It’s impossible to do anything other than applaud the initiative and collaboration shown by all sides over the opening of fraud data – even for a cynic such as myself.
From next month, claimant firms will be able to access insurers’ records to check if their latest client has been a particularly prolific litigant.
Some claimants, such as taxi drivers, will naturally have a higher number of claims on their record. But others plainly have no excuse, and it would be a brave firm that takes on a case where the claimant has had a more-than-coincidental history of multiple crashes and injuries.
It is still not entirely clear what information solicitors will be able to access: the press release is a little sketchy on details and does not, for example, explain whether the data will simply include numbers of claims from the past, or whether insurers will volunteer information on whether they have proved – or even been suspicious of – fraud.
Make no mistake: this was no easy process. I’ve heard both sides of the claimant-insurer divide in recent years say publicly they support transparency but admit in private it was unlikely to happen.
One of the major stumbling blocks appears to have been whether insurers would be willing to give up data for free, so the relatively modest £110 annual registration fee (allowing unlimited searches) is to be welcomed.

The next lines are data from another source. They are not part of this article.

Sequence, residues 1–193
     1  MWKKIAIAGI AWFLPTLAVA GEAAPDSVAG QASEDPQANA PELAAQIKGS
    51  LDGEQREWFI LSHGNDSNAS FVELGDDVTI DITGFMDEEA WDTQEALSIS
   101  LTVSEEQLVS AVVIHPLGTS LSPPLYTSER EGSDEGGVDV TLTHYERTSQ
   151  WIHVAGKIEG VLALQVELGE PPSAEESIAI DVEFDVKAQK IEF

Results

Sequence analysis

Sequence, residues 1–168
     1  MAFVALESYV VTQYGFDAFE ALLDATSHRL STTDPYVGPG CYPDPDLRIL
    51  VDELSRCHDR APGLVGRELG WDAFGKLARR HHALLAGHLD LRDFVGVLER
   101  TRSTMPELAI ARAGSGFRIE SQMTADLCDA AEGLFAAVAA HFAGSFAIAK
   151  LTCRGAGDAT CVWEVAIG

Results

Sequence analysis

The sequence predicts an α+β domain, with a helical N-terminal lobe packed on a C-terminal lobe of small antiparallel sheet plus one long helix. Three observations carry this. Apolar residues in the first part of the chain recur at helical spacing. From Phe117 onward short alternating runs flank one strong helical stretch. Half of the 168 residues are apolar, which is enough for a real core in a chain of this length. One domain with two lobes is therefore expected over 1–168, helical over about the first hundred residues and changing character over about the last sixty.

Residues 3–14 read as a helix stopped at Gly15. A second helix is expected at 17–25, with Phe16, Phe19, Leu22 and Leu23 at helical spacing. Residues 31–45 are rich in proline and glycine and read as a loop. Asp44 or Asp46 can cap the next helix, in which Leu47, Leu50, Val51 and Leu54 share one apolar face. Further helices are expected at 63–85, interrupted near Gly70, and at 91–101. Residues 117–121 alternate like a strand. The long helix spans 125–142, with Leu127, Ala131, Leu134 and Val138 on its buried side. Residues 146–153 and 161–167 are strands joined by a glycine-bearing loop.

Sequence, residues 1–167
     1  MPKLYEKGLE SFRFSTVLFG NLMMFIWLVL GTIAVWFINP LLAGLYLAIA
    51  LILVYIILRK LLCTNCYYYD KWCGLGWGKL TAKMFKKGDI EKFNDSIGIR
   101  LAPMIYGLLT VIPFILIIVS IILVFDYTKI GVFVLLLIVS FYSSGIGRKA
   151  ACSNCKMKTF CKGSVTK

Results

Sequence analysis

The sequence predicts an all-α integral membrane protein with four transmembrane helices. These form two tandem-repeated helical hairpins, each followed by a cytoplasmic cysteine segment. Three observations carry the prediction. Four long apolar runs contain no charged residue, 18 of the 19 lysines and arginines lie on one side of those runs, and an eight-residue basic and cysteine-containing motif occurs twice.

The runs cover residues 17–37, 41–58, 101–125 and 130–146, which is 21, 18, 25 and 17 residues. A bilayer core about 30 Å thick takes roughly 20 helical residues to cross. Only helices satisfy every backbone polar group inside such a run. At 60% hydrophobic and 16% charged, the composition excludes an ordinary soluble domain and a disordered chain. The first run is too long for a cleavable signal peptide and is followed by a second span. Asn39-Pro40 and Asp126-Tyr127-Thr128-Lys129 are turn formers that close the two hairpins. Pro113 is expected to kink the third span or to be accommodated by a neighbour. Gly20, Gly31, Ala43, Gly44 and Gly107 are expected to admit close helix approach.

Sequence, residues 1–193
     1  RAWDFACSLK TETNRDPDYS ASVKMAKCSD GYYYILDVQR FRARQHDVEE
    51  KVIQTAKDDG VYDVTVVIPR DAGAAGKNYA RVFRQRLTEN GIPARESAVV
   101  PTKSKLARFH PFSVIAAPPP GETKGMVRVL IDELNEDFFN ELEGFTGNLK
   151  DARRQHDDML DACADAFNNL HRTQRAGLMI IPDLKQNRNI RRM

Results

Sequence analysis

What should also be welcomed is that this should change the landscape that has been such a feature of this industry for so long.
Claimant firms have long argued they are hamstrung in picking out a fraudster as they simply have to take new clients on face value. That excuse will hold no more.
Furthermore, with the possibility of losing the case altogether if fundamental dishonesty is proved, claimant firms will need to be rigorous both in their background checks and their questioning of clients.
But for insurers this has to be the moment when they tone down the rhetoric and simply get on with defending dodgy claims, rather than infecting the public psyche with the notion most claimants are on the take.
There is not, and has never been, a compensation culture, but insurers now have a lower-cost, more tightly controlled claims system where claimant lawyers have severed any financial link to medical agencies diagnosing their whiplash cases.
Now insurers have to trust claimant lawyers to carry out the necessary checks on clients, and assume that every claim coming in is genuine. The acrimony and suspicion has to stop now.